As I have said, the Government remain committed to tobacco control, and our goal is to drive down the prevalence of smoking in England. At this point, I should say that we are working very closely and constructively with colleagues in the devolved Administrations on that shared objective. Our officials speak to each other regularly, and we are always interested to look at what measures are introduced. As always, it was good to hear the contribution from the hon. Member for Central Ayrshire. Tobacco-related deaths are avoidable, so we want to do more to avoid them.
Although I have said this in an event in the Palace of Westminster, I have not yet confirmed it in the Chamber, but I can confirm that the Government will publish a new tobacco control strategy for England next summer, which I think is a sensible timetable. I hope Members agree that, given the significant measures coming into force in the spring and the fact that we want a little time to reflect on the current strategy, that strikes the right balance. The work is under way already, which is why this debate is a timely opportunity to hear Members’ thoughts. I will ensure, throughout the timetable for developing and producing a new strategy, that there are ample opportunities for Members on both sides of the House to contribute to the strategy development. Important stakeholders, such as those who contributed through Members’ speeches today and supplied useful briefing materials ahead of the debate, will have important and regular opportunities to influence the strategy and have input into it.
In developing the strategy, we will review the current national ambitions, and we will further empower local areas and support action within them, particularly where tobacco control strategies can be tailored to the unique needs of local populations. We cannot ignore the stark differences in the results of different areas across our country, so the new strategy has to focus on those discrepancies. Robust activity at that level is vital if we are to tackle the impact of health inequalities in England and ensure that smoking prevalence continues to decline in all communities. We will, of course, need to support local authorities in pursuing collaborative partnerships and securing a high return on investment as they prioritise and streamline their budgets.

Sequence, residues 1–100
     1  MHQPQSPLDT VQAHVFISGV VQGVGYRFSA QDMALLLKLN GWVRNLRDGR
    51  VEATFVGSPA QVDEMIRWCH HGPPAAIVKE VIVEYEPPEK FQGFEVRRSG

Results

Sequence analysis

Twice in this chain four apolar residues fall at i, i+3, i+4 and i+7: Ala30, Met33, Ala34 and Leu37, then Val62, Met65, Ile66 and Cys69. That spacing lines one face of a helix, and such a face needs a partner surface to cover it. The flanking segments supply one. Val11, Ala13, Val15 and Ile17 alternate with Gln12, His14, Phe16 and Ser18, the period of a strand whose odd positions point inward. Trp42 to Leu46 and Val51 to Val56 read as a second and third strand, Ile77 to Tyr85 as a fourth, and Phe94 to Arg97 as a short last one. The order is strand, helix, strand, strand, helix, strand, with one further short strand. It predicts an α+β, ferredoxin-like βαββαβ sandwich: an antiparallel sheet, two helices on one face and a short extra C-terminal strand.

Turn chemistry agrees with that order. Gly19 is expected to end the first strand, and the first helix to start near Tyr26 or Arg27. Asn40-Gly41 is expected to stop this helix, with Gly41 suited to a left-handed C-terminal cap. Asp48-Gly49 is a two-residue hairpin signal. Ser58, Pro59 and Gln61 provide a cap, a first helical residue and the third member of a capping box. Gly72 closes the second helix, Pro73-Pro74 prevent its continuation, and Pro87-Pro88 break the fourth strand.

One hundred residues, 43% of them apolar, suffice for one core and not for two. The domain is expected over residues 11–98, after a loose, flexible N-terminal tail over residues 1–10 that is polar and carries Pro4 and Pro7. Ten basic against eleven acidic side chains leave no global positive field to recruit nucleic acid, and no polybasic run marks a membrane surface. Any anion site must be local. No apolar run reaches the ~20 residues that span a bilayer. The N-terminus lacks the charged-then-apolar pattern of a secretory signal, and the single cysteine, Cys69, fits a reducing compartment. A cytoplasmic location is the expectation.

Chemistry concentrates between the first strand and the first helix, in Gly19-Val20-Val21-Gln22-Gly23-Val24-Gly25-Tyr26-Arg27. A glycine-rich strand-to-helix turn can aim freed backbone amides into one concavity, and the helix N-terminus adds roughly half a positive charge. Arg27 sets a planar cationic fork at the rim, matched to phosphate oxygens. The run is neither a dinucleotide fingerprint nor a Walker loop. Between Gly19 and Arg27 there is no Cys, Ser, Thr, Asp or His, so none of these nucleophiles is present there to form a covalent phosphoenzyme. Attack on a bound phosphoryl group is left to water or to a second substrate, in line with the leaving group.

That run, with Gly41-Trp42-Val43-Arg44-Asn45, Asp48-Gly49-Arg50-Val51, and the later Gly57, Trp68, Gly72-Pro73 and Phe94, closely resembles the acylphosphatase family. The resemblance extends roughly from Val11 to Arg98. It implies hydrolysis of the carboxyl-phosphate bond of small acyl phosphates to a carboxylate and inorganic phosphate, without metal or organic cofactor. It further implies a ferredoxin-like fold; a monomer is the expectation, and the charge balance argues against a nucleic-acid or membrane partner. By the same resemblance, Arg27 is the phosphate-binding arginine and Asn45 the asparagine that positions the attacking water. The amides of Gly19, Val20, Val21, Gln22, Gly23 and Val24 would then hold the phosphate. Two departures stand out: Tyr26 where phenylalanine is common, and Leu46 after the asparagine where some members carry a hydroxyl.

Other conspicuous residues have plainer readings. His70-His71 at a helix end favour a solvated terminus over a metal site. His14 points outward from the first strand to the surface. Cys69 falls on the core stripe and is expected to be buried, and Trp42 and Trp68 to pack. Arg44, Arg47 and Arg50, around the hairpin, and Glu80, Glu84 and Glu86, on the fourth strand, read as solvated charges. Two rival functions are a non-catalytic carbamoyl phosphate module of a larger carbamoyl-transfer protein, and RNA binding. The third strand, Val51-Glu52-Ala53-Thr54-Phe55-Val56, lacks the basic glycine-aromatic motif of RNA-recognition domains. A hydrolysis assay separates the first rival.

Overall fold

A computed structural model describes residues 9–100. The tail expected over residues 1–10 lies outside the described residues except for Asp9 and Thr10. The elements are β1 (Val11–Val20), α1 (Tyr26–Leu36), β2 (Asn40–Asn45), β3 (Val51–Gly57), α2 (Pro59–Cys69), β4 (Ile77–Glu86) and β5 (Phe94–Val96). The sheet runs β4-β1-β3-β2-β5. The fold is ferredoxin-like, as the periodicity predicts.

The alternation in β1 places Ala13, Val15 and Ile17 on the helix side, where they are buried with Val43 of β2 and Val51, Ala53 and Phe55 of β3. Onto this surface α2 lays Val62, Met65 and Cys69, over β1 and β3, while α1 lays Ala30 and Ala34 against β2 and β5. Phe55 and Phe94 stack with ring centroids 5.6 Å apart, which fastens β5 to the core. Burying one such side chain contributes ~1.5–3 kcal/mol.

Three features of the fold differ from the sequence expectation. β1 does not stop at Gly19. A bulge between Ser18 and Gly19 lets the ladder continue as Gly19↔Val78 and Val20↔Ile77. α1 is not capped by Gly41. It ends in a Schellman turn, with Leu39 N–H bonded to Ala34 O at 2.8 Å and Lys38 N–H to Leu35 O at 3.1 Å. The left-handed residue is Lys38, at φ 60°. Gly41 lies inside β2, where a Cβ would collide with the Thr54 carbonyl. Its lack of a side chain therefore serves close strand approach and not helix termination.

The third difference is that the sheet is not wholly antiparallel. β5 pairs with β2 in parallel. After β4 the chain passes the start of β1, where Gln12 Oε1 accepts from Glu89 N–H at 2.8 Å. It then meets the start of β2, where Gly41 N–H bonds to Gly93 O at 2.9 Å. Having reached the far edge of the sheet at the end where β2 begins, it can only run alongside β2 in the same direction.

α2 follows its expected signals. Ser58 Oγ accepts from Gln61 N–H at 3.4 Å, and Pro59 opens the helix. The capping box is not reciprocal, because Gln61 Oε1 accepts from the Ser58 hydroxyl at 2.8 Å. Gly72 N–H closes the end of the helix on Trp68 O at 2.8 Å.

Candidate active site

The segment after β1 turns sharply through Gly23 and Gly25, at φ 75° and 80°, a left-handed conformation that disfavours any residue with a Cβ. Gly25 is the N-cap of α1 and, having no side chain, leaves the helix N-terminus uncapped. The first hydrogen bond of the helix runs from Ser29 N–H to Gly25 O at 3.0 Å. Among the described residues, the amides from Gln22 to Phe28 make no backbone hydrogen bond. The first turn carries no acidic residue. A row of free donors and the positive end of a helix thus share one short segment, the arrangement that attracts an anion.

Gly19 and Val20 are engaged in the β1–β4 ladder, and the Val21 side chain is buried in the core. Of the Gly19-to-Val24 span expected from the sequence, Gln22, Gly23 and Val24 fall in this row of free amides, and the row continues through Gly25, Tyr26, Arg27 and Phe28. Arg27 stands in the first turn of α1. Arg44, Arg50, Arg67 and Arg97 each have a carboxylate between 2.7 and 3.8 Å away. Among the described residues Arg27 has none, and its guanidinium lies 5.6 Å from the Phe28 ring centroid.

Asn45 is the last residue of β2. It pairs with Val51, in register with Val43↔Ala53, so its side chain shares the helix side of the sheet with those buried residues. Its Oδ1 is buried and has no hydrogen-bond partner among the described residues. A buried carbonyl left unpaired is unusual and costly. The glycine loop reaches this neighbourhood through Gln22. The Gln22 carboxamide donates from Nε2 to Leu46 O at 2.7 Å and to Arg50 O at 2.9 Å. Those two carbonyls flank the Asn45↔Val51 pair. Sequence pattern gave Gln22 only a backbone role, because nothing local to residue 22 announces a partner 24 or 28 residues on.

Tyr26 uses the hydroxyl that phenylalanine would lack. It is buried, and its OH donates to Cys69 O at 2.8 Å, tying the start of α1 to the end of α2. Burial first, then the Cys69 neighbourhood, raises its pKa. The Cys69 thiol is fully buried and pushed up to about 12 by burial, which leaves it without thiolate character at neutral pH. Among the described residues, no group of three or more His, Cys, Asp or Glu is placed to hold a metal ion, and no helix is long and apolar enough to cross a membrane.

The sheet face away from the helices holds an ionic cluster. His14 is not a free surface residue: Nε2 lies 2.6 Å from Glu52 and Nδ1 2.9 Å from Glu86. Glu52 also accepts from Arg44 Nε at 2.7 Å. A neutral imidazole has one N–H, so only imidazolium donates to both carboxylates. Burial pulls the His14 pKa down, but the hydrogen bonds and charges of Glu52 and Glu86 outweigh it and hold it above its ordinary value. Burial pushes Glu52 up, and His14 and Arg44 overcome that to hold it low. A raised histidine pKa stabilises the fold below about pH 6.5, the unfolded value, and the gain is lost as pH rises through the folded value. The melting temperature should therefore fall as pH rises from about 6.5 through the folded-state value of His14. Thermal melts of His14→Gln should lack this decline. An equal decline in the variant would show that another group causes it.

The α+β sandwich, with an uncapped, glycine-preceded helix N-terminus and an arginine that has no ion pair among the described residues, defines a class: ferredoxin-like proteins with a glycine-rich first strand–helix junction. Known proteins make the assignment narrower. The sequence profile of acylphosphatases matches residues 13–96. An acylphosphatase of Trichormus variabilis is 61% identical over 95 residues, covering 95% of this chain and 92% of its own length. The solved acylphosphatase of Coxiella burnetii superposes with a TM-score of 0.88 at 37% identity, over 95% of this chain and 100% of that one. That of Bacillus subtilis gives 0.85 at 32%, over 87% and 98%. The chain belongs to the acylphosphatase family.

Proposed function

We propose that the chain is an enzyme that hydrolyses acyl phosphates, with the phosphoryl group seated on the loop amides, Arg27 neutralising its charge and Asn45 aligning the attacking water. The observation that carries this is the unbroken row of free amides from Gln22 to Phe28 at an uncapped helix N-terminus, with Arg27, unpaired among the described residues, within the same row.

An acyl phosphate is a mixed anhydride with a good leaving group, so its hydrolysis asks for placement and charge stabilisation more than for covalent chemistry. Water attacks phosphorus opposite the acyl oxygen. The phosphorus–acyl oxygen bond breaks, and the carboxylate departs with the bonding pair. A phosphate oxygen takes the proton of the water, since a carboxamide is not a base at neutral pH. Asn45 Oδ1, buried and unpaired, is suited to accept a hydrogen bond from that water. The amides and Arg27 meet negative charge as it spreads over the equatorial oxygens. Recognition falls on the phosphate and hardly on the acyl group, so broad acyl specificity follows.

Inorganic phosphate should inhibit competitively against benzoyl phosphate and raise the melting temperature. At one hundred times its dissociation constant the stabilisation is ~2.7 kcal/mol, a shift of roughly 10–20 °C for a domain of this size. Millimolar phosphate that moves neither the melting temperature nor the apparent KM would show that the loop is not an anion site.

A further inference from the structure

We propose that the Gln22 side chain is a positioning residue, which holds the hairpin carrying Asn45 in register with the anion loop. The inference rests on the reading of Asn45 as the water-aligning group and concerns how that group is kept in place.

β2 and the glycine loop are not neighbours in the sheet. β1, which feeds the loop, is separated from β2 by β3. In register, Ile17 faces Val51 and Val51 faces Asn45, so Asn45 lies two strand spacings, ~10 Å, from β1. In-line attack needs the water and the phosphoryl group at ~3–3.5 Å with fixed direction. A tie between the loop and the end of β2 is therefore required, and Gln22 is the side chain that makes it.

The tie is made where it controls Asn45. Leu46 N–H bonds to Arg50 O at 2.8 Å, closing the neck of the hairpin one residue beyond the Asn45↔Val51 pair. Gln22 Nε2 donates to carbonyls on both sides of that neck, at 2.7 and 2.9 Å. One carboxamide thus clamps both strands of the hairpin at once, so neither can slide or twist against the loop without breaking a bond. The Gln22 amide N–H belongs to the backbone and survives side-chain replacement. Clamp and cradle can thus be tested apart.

A number of questions were asked about funding, and we will give careful attention to it. I am not in a position to comment in detail on the funding of the strategy itself, about which hon. Members made a number of points and expressed concerns. It was made clear in the spending review that the public health budgets are to be ring-fenced for the next couple of years and protected, with conditions stipulating that the whole budget must be spent on public health duties.
If any right hon. or hon. Members are concerned about what is happening in a particular area, I ask them to please speak to me. The chief executive of Public Health England remains the accounting officer for how the ring-fenced public health grant is spent, and I am always extremely happy to ask him to speak to Members about their concerns about what is happening in their own areas. Manchester was mentioned specifically. I can confirm that we are aware of Manchester City Council’s decision, and Public Health England is currently working with it to identify how it can provide cost-effective support to local people who want to stop smoking. The new control strategy has not been finalised, so we cannot commit to the level of funding that will be needed, but Members have made their views on that extremely clear.